Resolution says Pak failed to stop perpetrators; most victims are Baloch, Pashtun, or Sindhi.


New Delhi: A resolution introduced in the US Congress last month has urged the Pakistan government to end enforced disappearances, especially those taking place in the Balochistan region targeting people belonging to Baloch, Pashtun and Sindhi ethnicities.

The resolution titled, “Calling for an end to enforced disappearances in Asia and around the world, and calling upon the United States to ratify the International Convention for the Protection of All Persons from Enforced Disappearance”, was introduced on 19 November in the House of Representatives by Democrat Bradley James Sherman, who represents California’s 30th congressional district.

The resolution, which also mentions China, Sri Lanka and Indonesia, states that “the majority of the victims of enforced disappearances in Pakistan are Baloch, Pashtun, or Sindhi” and that “the Government of Pakistan has not adequately investigated and held perpetrators of enforced disappearances responsible”.

Sherman, in the resolution, while quoting the observations of the United Nations Working Group on Enforced or Involuntary Disappearance, has described the practice of enforced disappearances in Pakistan as a “culture of entrenched impunity”.

The resolution mentions that the present status of over 2,000 victims of enforced disappearances of citizens (Sindhis) of Sindh Province, Pakistan, still remains unsolved, including those of Aqib Chandio, 20, a student, abducted for the second time on 7 July 2020, Gulam Rasul Shar and Bashir Ahmed Shar, brothers, abducted in Karachi on 16 August 2020, Mehran Ali Mirani, 18, a student and shopkeeper, abducted in Hyderabad, Sindh, on 13 January 2020 and Insaf Ali Dayo, a young tailor, abducted from his shop in Larkana, Sindh, by uniformed military personnel on 29 May 2017.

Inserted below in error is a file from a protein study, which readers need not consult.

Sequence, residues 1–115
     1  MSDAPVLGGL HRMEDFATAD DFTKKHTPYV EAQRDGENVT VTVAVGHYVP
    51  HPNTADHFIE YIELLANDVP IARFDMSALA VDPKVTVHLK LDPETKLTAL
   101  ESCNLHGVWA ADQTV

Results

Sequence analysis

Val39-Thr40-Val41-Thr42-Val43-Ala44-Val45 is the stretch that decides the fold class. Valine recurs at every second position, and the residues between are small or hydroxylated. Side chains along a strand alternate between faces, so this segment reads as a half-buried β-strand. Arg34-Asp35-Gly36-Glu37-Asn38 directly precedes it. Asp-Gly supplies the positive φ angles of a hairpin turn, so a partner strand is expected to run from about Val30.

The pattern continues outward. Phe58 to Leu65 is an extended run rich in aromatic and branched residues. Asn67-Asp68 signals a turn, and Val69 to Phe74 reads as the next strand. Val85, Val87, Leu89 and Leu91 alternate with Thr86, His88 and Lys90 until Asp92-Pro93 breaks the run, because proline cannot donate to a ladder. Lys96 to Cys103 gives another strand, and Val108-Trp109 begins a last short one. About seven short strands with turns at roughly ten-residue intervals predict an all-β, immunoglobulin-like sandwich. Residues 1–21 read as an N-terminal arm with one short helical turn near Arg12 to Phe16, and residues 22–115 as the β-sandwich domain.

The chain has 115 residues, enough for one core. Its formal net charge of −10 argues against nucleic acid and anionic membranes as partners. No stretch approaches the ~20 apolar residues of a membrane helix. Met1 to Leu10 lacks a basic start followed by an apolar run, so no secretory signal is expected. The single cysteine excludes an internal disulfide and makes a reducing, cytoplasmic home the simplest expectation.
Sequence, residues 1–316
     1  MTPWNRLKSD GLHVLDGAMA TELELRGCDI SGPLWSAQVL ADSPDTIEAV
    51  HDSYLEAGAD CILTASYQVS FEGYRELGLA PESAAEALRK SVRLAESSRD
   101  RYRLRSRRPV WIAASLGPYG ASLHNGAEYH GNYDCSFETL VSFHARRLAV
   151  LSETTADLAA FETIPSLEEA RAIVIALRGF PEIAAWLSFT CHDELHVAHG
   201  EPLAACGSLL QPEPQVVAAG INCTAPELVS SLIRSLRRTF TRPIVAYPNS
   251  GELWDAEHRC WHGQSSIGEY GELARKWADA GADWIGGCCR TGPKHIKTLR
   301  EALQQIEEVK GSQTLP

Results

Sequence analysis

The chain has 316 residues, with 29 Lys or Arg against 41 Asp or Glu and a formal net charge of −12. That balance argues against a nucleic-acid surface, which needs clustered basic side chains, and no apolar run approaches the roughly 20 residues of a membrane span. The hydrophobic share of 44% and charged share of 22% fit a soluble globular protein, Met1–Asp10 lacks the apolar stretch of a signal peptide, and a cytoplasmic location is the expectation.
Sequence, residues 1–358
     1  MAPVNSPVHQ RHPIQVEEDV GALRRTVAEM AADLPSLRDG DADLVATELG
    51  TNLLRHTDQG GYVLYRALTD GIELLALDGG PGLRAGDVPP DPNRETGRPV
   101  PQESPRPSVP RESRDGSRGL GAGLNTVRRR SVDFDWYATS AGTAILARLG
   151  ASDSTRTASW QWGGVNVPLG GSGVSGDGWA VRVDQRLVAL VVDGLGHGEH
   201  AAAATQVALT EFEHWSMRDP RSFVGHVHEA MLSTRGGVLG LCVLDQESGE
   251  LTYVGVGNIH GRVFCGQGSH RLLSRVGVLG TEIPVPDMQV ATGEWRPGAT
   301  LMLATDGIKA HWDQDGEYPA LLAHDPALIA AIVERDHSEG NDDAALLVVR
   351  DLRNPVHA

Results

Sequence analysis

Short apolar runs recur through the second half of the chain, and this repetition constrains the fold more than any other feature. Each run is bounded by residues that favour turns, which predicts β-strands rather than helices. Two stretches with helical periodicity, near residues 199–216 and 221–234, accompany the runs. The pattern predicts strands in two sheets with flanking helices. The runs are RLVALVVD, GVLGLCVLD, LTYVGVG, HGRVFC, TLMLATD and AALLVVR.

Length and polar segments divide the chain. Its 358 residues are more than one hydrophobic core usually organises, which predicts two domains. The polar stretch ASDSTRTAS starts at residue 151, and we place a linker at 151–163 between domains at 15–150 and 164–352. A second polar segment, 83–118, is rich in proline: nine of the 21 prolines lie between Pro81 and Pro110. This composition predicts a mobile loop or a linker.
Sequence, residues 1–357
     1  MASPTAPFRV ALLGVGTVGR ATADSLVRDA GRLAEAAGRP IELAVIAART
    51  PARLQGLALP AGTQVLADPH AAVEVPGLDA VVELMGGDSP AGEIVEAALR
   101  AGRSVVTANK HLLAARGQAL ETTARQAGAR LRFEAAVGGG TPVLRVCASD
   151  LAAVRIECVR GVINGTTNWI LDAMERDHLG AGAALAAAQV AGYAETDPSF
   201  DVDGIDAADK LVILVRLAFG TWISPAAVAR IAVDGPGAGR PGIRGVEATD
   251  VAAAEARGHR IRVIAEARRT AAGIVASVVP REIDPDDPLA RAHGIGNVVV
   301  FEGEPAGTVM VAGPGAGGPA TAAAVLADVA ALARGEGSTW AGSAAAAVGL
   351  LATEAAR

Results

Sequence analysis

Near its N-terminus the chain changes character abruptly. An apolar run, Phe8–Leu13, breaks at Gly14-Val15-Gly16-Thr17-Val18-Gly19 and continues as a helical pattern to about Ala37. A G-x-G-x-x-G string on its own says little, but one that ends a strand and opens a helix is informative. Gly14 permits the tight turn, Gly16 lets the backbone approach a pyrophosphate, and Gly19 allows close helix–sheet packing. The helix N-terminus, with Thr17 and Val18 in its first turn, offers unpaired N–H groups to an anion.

It is pertinent to mention that, under international pressure, Pakistan had in 2011 established the Commission of Inquiry on Enforced Disappearances (COIED) to trace the whereabouts of allegedly enforced disappeared persons and fix responsibility on individuals or organizations responsible. However, that has neither stopped the kidnapping of citizens by uniformed individuals nor has it so far identified anyone responsible for such kidnappings. As per COIED’s record, it has received complaint from family members of more than 5,000 individuals who had fallen victim to enforced disappearances carried out by state officials.

Many of these family members started receiving threats for writing to COIED ,after which many of the complaints were withdrawn, a fact which has also been mentioned in the resolution, “Disappeared people who have been released have received threats, or threats to their family members, to prevent them from recounting their experience to media or seeking justice.”